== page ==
A recent report, Harmful Algal Research and Response: A Human Dimensions Strategy, summarizes human dimensions research needs to support HAB mitigation. This report can be found here>> It is a companion document to the National HAB Plan - Harmful Algal Research and Response: A National Environmental Science Strategy (HARRNESS) - which can be found here>>
A New Interagency Human Dimensions Web Portal for Natural Resource Management More>>
NOAA Offering Fellowships for Social Science Research in ReservesNOAA Offering Fellowships for Social Science Research in Reserves For more information on application guidelines and participating reserves, please visit: http://www.nerrs.noaa.gov or http://www.grants.gov.
Workshop on Research Needs: Human Dimensions of Oil Spill Response Final Report Here>>
Workshop Reading Materials
Measuring Response: A Balanced Response Scorecard for Evaluating Success by Captains Joseph Kuchin and Larry Hereth. This paper proposes a model for response evaluation that highlights six key areas that must be addressed to adequately define success before, during and after a response. The areas are: 1) human health and safety; 2) natural environment; 3) economic impact; 4) public communications; 5) stakeholder service and support; and 6) response organization. Each of these areas has critical success factors. By assessing these critical success factors, as part of a Balanced Response Scorecard, a response organization has the chance to modify actions during the response to ensure the best opportunity for success.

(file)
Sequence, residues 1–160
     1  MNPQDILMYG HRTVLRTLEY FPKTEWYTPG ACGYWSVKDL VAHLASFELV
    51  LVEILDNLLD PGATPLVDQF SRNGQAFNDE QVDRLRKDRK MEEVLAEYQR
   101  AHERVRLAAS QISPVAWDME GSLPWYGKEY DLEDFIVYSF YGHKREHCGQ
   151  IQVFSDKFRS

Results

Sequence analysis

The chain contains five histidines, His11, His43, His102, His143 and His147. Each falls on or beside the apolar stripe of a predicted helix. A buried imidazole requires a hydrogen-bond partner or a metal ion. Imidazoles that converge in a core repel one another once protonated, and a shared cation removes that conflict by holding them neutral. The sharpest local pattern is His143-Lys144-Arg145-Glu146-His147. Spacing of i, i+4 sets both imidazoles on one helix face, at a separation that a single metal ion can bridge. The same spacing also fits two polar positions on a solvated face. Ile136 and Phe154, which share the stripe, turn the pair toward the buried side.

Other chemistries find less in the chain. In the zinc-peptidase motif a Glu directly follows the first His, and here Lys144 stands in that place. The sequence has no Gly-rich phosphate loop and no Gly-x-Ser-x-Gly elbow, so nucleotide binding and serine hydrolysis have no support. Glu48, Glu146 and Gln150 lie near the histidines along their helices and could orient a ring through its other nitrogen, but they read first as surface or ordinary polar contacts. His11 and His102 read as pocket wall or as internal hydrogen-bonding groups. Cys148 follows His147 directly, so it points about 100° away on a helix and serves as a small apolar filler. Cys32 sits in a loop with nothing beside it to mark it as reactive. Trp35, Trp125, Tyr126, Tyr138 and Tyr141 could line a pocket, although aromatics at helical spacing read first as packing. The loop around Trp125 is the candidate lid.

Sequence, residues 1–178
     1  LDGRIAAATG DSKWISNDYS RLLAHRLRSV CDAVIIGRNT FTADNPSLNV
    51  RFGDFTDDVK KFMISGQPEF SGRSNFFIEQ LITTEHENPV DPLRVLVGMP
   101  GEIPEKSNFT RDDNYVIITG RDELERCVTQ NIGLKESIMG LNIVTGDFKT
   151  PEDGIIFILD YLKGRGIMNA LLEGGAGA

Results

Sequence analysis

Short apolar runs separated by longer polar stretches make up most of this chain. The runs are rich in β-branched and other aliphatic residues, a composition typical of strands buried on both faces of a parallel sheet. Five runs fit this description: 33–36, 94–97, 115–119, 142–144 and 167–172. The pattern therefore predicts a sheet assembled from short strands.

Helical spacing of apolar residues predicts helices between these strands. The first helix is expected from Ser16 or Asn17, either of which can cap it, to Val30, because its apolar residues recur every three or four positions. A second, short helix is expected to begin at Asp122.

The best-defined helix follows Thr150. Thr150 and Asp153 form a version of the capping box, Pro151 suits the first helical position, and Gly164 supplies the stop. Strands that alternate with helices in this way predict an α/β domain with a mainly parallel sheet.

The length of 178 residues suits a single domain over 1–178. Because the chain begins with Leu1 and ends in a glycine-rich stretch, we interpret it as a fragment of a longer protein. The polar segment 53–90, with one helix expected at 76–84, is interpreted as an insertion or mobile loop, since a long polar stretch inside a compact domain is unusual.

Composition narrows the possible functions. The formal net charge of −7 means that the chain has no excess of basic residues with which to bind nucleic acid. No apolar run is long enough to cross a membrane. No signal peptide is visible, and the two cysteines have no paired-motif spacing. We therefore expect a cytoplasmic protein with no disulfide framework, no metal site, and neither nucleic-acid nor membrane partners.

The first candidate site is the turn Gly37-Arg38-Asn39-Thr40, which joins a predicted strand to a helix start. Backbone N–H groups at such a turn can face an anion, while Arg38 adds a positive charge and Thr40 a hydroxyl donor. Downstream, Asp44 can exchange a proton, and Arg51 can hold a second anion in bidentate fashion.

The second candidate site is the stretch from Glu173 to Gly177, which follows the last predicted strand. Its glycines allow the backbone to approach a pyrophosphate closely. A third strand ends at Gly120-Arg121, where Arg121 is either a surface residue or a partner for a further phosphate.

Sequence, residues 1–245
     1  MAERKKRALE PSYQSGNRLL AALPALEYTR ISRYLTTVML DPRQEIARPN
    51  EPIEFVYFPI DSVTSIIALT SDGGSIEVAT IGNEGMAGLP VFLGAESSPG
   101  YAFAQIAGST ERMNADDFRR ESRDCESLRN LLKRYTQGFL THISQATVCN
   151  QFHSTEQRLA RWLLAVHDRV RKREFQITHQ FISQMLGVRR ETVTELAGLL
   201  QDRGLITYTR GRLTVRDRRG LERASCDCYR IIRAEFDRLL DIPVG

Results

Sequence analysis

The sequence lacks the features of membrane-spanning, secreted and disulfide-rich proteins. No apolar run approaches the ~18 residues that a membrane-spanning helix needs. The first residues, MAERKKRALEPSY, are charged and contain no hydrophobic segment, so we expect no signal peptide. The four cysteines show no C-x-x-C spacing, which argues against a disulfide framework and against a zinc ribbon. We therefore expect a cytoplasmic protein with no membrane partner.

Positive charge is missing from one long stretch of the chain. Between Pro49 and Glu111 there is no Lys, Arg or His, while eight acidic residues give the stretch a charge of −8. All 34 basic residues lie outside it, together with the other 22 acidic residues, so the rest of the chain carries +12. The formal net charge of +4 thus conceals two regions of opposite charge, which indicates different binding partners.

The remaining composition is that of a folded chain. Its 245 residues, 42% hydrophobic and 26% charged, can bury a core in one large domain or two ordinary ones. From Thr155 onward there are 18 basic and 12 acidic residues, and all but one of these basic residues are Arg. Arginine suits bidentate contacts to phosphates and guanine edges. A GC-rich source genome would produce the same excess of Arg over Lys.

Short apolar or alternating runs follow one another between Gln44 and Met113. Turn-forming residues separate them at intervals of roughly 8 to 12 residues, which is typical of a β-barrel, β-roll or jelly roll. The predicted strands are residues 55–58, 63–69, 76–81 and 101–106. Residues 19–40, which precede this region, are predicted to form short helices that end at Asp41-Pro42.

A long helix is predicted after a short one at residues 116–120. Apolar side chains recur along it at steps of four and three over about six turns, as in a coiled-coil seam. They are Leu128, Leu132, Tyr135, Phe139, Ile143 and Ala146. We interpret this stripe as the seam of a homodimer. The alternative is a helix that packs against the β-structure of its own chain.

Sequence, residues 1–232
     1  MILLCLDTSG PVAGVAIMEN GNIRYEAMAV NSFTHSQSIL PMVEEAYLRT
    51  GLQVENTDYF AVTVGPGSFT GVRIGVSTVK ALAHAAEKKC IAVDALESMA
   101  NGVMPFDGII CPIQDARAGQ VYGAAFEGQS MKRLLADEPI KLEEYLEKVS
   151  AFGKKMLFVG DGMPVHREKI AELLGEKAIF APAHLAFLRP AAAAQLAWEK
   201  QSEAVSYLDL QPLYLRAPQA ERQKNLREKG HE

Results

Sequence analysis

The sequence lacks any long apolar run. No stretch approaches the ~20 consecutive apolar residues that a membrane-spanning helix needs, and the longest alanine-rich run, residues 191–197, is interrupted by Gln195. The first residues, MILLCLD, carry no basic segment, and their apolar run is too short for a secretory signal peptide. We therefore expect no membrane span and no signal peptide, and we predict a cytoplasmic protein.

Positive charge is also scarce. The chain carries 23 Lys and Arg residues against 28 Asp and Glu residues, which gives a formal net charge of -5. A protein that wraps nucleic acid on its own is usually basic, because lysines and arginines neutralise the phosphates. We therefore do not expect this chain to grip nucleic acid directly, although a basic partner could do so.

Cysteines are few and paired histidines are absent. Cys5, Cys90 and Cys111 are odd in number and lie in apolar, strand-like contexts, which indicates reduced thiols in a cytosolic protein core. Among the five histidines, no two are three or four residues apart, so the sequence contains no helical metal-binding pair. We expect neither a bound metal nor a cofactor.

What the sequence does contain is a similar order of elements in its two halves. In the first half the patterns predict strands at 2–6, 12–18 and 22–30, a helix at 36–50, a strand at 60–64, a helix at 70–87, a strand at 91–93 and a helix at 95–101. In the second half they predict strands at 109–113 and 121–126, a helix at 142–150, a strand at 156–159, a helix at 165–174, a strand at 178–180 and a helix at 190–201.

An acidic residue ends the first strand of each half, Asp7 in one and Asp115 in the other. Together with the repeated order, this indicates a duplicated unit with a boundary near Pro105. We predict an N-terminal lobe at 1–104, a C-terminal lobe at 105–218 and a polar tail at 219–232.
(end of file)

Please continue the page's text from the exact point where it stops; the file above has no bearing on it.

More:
Overview of M/V Selendang Ayu Response by Captain Ron Morris, USCG Retired. This draft of a presentation made at the Aleutian Life Forum in August 2005 provides a brief overview of the initial response of the Unified Command to a shipwreck and oil spill in the Aleutian Islands.